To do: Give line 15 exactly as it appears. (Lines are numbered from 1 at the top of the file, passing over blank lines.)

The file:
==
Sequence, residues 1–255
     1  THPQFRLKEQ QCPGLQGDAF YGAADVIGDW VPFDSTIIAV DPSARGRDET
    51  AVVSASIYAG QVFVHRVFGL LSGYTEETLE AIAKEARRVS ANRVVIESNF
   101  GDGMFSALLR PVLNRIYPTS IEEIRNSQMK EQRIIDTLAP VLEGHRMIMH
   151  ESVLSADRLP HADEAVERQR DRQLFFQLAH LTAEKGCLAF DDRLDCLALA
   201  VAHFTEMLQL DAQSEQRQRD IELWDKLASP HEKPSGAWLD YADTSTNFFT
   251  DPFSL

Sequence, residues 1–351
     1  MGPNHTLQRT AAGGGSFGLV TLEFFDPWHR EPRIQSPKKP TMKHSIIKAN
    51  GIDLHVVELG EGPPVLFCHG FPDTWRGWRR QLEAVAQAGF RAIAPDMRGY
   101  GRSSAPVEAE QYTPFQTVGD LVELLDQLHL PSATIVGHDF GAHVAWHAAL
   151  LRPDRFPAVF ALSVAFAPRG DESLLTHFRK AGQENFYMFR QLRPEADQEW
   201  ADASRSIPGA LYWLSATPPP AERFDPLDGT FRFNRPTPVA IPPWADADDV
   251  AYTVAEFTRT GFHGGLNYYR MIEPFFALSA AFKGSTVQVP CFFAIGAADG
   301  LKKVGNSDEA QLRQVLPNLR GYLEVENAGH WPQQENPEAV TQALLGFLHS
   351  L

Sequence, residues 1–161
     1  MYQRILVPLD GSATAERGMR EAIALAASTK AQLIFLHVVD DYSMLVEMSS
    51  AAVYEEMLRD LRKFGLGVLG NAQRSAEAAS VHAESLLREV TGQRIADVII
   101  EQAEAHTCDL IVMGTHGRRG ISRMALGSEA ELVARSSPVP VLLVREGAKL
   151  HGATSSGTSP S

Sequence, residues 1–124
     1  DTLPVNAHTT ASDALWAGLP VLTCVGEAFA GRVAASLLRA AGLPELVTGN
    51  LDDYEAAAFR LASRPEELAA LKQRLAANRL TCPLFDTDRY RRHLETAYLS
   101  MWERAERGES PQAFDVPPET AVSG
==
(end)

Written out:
   301  LKKVGNSDEA QLRQVLPNLR GYLEVENAGH WPQQENPEAV TQALLGFLHS